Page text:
How to Go Green for Profitability and Sustainability
How to Go Green for Profitability and Sustainability
Green computing strategies challenge the common misperceptions that green computing will cost more; however, these strategies actually improve an organization's bottom line rather than shrink it when adopted. By integrating green computing strategies, organizations have a clear path to create savings that will improve IT, free up capital for other investments, generate goodwill with their constituency groups-all the while exemplifying good stewardship of the economy and environment.
Now is the time to make a positive impact on your community, on the environment and on your profit margins by implementing sustainable, less wasteful green solutions in your business. While this article will focus on green IT, these strategies should be viewed as part of a broader initiative to reduce the cost of doing business.
Green IT takes advantage of cutting-edge solutions that keep you connected and improve reliability, while reducing energy consumption. The following four-phased approach maintains transparency to your employees, reduces energy at the desktop and in the server room, reduces the environmental impact of IT, and creates a net savings leading to your organization's profitability.
Phase No. 1: What to know before starting
Transparency and efficiency are prerequisites for these green solutions. They are the keys to creating profitability for the small business. Transparency to the employee means that there will not be a change in the way they perform their daily work, which keeps efficiency high. These solutions work in the background, during and after work hours, reducing the need for employee intervention.
Next, a company should determine the utility of the existing infrastructure and architecture to leverage current investments. From there, organizations should analyze their current power consumption bill to determine a base line and possible future savings upon the implementation of green IT solutions.
When contemplating energy costs, many organizations will think they need to completely overhaul or change their facilities to achieve their goals. However, it is possible to utilize current infrastructures with no major electrical upgrades. For example, the average daily desktop power consumption for a small business with 30 computers and desktop printers creates a monthly energy cost of approximately $1,500. These costs do not include the resources needed in the data center to run the servers and backup systems, which also take more energy to cool and maintain proper climate control.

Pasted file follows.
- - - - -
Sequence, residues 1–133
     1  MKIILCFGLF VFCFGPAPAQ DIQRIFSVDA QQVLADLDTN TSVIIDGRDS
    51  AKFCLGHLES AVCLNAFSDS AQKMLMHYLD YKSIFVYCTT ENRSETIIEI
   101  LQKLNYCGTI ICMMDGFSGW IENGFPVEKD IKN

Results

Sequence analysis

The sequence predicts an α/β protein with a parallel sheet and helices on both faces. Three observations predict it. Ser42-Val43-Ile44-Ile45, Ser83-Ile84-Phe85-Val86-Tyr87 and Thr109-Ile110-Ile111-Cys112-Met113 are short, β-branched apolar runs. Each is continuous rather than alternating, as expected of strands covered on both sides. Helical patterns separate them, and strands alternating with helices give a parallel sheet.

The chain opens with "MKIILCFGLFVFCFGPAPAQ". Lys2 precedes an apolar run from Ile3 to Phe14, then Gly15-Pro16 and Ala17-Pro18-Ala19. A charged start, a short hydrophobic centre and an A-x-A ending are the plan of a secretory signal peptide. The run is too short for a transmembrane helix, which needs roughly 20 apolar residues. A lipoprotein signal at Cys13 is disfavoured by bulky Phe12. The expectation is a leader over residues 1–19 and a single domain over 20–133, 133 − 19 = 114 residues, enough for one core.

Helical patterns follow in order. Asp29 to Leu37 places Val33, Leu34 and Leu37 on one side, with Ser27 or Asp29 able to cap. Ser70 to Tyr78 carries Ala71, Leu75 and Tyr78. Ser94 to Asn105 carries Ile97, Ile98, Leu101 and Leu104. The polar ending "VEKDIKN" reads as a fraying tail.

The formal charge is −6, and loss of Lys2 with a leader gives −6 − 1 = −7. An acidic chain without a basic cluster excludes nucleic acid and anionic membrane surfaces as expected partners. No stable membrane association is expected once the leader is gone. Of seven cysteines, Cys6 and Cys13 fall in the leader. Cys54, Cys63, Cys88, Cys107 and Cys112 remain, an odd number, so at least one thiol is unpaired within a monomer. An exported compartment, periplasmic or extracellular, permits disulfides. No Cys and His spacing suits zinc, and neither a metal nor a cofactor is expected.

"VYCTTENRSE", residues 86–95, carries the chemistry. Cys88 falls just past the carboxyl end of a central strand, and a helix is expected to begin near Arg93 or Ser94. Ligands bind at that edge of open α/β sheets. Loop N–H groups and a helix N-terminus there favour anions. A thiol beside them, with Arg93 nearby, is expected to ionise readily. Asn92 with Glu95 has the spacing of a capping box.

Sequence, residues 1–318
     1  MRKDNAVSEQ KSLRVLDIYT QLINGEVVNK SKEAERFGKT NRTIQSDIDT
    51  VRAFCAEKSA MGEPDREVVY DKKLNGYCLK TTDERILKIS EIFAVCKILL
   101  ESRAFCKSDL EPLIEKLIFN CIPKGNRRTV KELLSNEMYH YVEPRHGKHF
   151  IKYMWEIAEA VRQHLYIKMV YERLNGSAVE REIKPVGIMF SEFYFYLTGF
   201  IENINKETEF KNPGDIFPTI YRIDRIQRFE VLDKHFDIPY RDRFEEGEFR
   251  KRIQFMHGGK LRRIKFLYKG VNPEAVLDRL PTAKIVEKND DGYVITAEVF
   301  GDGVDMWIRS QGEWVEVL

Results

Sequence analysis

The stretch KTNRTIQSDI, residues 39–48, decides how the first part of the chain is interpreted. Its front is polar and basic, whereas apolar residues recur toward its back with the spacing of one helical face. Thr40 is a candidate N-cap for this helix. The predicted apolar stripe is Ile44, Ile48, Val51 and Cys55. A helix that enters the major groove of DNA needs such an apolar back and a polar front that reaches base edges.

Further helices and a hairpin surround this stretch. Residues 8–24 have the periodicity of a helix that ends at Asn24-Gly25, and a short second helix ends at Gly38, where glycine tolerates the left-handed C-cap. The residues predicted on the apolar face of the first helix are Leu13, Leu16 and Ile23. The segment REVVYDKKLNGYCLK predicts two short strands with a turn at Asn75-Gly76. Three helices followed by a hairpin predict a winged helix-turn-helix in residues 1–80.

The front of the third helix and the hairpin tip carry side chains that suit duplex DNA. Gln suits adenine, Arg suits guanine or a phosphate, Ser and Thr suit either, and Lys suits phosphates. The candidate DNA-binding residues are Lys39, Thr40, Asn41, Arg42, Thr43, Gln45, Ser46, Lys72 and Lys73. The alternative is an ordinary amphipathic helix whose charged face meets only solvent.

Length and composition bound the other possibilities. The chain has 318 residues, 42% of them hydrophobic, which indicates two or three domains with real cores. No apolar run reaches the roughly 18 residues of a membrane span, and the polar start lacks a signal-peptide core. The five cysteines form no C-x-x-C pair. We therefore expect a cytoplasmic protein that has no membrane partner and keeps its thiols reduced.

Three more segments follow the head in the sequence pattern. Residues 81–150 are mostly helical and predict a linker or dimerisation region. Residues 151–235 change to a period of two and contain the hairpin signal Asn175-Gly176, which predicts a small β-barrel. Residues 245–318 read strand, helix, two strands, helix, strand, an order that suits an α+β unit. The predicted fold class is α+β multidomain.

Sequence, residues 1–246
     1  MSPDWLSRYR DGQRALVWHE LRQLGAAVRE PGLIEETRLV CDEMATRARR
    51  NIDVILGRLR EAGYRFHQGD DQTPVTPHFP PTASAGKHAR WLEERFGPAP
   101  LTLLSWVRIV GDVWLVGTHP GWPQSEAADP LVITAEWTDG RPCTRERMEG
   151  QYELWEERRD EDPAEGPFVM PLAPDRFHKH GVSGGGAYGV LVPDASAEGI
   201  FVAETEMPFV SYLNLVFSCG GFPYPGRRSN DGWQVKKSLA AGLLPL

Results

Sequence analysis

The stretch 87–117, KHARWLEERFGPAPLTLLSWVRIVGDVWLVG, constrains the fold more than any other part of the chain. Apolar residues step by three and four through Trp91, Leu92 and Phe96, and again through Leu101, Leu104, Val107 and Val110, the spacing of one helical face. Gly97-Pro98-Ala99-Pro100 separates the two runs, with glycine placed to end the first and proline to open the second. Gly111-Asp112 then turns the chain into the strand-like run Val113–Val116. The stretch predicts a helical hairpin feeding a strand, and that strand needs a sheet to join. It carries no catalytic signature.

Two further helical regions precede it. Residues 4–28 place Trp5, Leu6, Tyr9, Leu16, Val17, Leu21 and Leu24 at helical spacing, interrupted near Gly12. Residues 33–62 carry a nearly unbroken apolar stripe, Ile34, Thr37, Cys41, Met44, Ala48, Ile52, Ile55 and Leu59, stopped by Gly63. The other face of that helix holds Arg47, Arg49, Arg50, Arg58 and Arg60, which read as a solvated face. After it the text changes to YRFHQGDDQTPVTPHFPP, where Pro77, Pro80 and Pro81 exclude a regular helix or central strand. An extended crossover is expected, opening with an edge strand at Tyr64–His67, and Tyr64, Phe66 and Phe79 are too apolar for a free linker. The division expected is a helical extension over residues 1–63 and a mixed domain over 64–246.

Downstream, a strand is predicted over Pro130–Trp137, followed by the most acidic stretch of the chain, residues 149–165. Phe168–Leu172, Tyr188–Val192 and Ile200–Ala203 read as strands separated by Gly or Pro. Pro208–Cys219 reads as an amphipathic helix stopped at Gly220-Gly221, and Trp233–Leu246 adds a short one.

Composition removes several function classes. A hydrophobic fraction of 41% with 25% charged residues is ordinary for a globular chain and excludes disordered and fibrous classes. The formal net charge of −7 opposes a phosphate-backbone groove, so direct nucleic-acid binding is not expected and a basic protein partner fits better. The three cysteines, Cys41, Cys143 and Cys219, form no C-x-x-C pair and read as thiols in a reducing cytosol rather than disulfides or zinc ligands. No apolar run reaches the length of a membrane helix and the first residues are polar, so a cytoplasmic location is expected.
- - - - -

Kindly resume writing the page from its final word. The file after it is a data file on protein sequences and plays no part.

The real value for the consumer is found in the transparency of the solution to the everyday employee, the use of existing facility infrastructure to achieve the goals, and the relative ease to implement. Finally, since these solutions are burden-free and simple to implement, there is no reason not to take advantage of the cost savings they create.
Energy-Saving Policies at the Desktop and Server Room
Phase No. 2: Energy-saving policies at the desktop and server room
When looking at energy-saving policies, there are two strategic areas that need to be engaged: the front-end (desktop solutions) and the back-end (the server room). Studies have been conducted which show that 55 percent of energy consumption related to IT exists outside of the data center, leaving the remaining 45 percent of IT-based energy consumption to the data center. That is why a comprehensive solution that targets both will yield a positive savings.
The solutions to be implemented at the desktop include remote or timer-controlled power strips, proximity-based hardware, and Microsoft Group Policies. Replacing older power strips with newer ones add the necessary functionality that prevents power drains and phantom electricity. These hardware-based devices can not only be remote or timer-controlled to shut down multiple peripherals at a time, but also can sense an individual's proximity to the equipment and know whether or not it is necessary to have it on.